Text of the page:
Queries & Comments

More Queries and Comments Fall 2022

Jesus in Arabia

 
THE BASALT DESERT with its rock inscriptions was and remains, according to Ahmad Al-Jallad (“Jesus in Arabia: Tracing the Spread of Christianity into the Desert,” Spring 2022), a home to nomadic pastoralists. The article goes on to state that “writing came to the nomads of North Arabia as early as the beginning of the first millennium B.C.E.” This contradicts my own experience, that present-day pastoralists have a low rate of literacy, far lower than that of more settled populations. Is it possible that the inscriptions were left by peoples other than nomads? Or, if they were written by nomads, what could have been the source of their education?

Ellen Lapson
New York, New York

Historical context leaves no doubt that the ancient inscriptions were indeed left by nomadic pastoralists. In fact, this epigraphic habit continues to this day, as the desert is filled with modern graffiti left by the local nomads.—Ed.

 

 

Silent Labor

 

Tel el-Nasba, Matson Collection, Public domain, via Wikimedia Commons

I WANT TO THANK BAR for including the article “Silent Labor: Dig Workers in the Middle East” and the notice of the “Unsilencing the Archives” online exhibit sponsored by the Badè Museum (both Strata, Spring 2022). Both help redress the lack of public acknowledgement and awareness of the important roles played by local Middle Easterners on excavations in that region going back over a century. BAR readers may also be interested in a companion set of online talks that go along with “Unsilencing the Archives” exhibit that can be found on YouTube. One of the talks is a summary of my own research on Labib Sorial, an Egyptian who was the dig architect (and so much more) at Tell en-Naṣbeh (1926–1935) and also worked on a dozen other excavations from Thebes to Antioch between 1917 and 1935. Sorial is probably the best documented local worker of that era, and was quite well regarded for the skills and expertise he possessed, and yet he is almost unknown today.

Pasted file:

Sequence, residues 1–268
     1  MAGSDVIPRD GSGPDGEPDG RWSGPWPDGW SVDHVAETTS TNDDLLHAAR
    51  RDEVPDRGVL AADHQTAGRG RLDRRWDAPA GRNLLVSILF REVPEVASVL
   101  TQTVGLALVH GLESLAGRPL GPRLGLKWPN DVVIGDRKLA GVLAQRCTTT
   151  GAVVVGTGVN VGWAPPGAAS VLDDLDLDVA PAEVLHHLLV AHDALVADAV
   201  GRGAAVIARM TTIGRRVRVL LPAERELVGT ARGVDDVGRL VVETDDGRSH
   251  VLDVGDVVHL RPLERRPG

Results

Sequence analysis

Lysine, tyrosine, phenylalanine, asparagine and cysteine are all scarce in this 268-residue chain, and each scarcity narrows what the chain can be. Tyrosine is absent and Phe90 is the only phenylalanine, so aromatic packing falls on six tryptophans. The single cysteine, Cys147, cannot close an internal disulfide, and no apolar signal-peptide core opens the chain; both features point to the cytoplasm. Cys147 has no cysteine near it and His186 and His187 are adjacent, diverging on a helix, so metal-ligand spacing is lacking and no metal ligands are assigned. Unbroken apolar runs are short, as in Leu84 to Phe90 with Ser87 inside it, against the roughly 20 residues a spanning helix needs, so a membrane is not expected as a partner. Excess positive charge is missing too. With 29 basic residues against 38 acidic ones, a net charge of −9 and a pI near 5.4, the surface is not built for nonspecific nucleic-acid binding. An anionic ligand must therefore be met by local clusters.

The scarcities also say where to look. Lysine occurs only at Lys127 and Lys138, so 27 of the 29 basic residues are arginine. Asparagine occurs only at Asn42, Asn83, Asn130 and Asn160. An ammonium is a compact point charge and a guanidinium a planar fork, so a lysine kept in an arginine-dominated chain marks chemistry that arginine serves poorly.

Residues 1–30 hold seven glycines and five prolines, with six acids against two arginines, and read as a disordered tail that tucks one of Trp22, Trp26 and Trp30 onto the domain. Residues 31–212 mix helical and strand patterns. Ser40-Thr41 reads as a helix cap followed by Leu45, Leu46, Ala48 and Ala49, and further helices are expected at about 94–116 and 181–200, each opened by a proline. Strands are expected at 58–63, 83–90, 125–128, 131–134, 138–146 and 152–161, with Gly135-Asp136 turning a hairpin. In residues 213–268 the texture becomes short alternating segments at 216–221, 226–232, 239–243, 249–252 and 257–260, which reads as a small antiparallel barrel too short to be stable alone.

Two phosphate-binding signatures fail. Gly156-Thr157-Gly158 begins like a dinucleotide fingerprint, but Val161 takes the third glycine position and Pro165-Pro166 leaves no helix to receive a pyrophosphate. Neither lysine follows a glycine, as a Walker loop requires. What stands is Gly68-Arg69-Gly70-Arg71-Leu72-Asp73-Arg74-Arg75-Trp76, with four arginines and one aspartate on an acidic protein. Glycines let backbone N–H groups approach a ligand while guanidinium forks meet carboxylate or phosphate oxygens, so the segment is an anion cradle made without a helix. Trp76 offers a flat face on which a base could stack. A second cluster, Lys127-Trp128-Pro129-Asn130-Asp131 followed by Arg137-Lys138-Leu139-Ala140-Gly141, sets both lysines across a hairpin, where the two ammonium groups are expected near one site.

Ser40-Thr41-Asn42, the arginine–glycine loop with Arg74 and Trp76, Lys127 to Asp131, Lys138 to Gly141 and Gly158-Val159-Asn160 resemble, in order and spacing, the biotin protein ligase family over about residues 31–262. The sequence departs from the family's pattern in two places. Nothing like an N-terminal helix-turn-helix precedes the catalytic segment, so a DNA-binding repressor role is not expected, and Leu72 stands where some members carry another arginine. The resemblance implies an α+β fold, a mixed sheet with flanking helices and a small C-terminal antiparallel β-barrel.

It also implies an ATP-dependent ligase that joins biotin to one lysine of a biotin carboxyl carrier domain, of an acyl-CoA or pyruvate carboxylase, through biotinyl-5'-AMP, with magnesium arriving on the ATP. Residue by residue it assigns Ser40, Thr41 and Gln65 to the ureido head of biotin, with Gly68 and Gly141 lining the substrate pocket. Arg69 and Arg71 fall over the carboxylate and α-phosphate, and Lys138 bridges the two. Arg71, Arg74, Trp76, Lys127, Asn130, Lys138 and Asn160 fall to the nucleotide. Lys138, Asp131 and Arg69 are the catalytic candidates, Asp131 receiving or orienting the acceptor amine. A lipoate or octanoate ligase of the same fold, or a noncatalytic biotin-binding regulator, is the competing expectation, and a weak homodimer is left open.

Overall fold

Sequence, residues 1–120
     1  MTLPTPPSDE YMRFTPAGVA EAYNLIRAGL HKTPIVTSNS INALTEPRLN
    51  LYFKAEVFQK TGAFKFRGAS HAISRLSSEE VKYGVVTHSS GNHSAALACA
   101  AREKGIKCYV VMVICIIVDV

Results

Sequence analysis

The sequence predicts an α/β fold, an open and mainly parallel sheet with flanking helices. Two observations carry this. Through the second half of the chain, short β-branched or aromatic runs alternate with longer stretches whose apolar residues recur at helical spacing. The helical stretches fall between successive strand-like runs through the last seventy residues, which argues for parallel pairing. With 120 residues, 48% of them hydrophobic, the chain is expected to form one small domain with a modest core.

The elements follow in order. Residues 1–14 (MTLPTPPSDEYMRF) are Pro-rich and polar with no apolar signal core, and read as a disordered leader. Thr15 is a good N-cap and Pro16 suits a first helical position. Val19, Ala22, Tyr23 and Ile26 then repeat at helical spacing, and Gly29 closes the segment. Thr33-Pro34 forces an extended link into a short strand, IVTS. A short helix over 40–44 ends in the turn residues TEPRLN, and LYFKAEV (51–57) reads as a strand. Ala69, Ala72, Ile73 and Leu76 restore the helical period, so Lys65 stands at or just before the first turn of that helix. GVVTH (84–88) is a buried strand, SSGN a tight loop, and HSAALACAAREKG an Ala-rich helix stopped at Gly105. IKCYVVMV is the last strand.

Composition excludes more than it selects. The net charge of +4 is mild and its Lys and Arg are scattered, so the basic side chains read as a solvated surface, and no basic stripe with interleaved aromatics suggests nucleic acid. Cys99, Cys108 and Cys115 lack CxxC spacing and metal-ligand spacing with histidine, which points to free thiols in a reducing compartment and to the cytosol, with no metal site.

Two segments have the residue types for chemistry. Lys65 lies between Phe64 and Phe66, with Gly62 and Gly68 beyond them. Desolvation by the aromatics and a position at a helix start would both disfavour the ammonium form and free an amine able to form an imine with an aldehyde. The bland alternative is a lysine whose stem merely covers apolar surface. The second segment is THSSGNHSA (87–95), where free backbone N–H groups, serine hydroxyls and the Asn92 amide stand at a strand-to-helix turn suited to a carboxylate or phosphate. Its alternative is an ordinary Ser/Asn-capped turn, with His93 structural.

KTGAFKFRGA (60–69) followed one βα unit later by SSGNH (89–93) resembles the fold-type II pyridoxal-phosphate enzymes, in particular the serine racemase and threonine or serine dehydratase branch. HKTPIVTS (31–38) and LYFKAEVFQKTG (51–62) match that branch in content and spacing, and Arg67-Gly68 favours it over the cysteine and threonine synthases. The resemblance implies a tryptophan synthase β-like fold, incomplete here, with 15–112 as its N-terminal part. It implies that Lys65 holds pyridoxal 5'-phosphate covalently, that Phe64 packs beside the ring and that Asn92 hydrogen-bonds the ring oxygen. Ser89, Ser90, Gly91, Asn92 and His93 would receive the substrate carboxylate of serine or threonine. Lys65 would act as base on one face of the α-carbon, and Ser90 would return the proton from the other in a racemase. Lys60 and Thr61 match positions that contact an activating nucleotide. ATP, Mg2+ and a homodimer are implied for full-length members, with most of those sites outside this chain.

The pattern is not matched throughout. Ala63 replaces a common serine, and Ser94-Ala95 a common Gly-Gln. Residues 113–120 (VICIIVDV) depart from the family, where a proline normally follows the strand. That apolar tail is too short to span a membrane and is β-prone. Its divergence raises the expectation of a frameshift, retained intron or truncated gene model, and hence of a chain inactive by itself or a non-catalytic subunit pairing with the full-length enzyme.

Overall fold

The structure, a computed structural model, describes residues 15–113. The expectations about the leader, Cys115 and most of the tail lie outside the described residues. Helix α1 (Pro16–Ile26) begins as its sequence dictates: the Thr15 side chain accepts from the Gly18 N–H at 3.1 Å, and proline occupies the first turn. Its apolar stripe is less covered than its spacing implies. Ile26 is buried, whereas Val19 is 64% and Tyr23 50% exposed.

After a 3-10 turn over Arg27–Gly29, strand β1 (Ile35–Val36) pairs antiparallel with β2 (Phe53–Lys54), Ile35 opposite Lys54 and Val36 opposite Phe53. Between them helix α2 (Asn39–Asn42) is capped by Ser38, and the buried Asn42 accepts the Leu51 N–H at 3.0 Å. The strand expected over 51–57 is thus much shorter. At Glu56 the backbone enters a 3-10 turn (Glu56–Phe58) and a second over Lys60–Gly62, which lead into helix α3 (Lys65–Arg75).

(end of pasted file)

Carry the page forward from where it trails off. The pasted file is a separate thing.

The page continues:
Jeffrey R. Zorn
Adjunct Associate Professor of Biblical Archaeology
Cornell University
Ithaca, New York

 

 

 

Exodus Crossing

 
FROM TIME TO TIME we hear from yet another person who advocates the Reed Sea as the crossing location for the Exodus (“A Sea Change” by Barry Beitzel, Spring 2022). Although it is indeed very possible for God to send a “strong east wind” to divide a swamp, marsh, or bog, so that a couple million people could cross over on dry land while the waters became “a wall” on both sides of them (Exodus 14:21–22), the pundits of such a crossing rarely address the second half of the story. How can the collapse of such a shallow pathway cause the destruction of 600 chariots and the deaths of their charioteers and horses (Exodus14:7, 23–28)?

Tim Wagner
Klamath Falls, Oregon

BARRY BEITZEL RESPONDS: The issue of how many people were involved in the Exodus opens up another entire vista of questions that divert one’s attention beyond the strictly geographical intent of my essay. However, based primarily on Hebrew lexicography and semantics, my understanding of the size of the biblical Exodus does not rise to the level of several million people, a view coincidentally shared by one of the champions of a Gulf of Aqaba Exodus (see Colin J. Humphreys, “The Number of People in the Exodus from Egypt: Decoding Mathematically the Very Large Numbers in Numbers I and XXVI,” Vetus Testamentum 48.2 (1998), pp. 196–213).